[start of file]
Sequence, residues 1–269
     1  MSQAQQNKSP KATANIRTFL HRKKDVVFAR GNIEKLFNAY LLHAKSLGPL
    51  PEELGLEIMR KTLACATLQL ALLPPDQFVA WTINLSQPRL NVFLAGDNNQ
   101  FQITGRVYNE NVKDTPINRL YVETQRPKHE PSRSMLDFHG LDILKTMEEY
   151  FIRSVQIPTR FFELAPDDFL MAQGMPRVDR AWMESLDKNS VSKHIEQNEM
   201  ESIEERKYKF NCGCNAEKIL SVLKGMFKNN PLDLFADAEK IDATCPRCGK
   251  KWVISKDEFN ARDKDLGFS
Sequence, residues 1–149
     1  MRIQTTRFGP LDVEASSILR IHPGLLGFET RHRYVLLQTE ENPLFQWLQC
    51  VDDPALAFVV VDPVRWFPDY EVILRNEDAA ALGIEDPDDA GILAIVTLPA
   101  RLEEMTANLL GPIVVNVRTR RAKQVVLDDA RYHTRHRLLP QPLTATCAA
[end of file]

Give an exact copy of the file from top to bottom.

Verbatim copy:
Sequence, residues 1–269
     1  MSQAQQNKSP KATANIRTFL HRKKDVVFAR GNIEKLFNAY LLHAKSLGPL
    51  PEELGLEIMR KTLACATLQL ALLPPDQFVA WTINLSQPRL NVFLAGDNNQ
   101  FQITGRVYNE NVKDTPINRL YVETQRPKHE PSRSMLDFHG LDILKTMEEY
   151  FIRSVQIPTR FFELAPDDFL MAQGMPRVDR AWMESLDKNS VSKHIEQNEM
   201  ESIEERKYKF NCGCNAEKIL SVLKGMFKNN PLDLFADAEK IDATCPRCGK
   251  KWVISKDEFN ARDKDLGFS
Sequence, residues 1–149
     1  MRIQTTRFGP LDVEASSILR IHPGLLGFET RHRYVLLQTE ENPLFQWLQC
    51  VDDPALAFVV VDPVRWFPDY EVILRNEDAA ALGIEDPDDA GILAIVTLPA
   101  RLEEMTANLL GPIVVNVRTR RAKQVVLDDA RYHTRHRLLP QPLTATCAA